But all of these cultures already share a similar history: most were part of the Roman Empire. all were part of Christendom, all call upon a classical Greek and Latin canon. The foundations of each European culture is the same, the surface permutations are never going to be too far apart. If cultures were islands, Europe would be an archipelago. But what about war, you ask? I’m not speaking to politics, politics can even drive brothers against one another. No, I’m speaking to culture.

Now with the post-1960s (that decas horribilis) attitude, one must judge all cultures on their own. Judging in relation to one’s own would be incorrect as it assumes that one is right and another wrong when they lead one to differing conclusions. With the mindset of cultural relativity, one doesn’t pick the best parts out of another culture, because that’s wrong. No, one has to accept them as they are. This mentality, combined with enormous amounts of mass migration has led us to where we are now: in a bit of a pickle.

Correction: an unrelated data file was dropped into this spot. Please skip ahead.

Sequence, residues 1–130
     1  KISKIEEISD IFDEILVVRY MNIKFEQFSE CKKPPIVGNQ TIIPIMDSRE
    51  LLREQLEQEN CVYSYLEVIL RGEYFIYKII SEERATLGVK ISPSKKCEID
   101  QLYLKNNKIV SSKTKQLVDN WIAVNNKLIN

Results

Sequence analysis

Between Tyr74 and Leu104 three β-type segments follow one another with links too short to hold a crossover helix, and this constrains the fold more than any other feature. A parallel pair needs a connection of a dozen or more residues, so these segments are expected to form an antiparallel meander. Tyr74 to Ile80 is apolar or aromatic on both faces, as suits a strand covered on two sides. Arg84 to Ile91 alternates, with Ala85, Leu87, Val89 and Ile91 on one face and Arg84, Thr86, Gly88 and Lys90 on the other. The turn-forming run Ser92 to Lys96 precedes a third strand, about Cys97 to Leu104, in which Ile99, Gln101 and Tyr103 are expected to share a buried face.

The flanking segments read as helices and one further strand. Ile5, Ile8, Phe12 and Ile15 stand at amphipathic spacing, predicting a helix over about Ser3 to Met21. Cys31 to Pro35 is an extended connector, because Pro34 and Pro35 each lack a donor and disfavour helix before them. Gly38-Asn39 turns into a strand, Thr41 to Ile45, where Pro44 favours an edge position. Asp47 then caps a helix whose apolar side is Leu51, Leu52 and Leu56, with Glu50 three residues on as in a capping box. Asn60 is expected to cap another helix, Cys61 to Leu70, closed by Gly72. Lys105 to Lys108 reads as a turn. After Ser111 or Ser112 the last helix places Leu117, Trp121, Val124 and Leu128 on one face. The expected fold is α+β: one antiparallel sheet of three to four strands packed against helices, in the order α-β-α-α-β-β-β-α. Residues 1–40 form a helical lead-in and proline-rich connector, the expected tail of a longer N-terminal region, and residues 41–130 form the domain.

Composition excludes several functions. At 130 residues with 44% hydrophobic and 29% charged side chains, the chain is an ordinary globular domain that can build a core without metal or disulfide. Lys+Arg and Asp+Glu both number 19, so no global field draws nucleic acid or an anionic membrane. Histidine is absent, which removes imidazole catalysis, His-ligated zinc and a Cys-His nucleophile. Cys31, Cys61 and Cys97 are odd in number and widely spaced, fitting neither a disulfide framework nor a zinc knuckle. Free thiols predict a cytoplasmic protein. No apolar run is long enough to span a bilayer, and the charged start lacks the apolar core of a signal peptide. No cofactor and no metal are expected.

On one hand we don’t want mass surveillance, it violates our privacy. On another we can’t say that a certain culture is incompatible with ours because that would be that most horrid of all words: racist. What to do?

Currently we are just looking the other way. We let migrants pile up in Calais, Saint-Denis, Marseilles, and Molenbeek. We will purposefully avoid using terms to out perpetrators of crimes as belonging to a certain ethnicity or religion, we will avoid going to these areas, and life will carry on. Until, that is, they decide to break into our cozy world and rile it up. Which is where surveillance comes in, it monitors these areas and those peoples. And us in the process, a nice treat.

The very fact that this is necessary indicates that in practice multicultralism doesn’t work. At least not with incompatible cultures. One often hears that the reason Africa and the Middle East as so strife-ridden is because of the arbitrary lines that the European powers drew as borders. Borders throwing incompatible ethnics groups and religions together. Why would they get along any better in Europe, among even more different cultures?

As things stand, stay tuned for increased surveillance.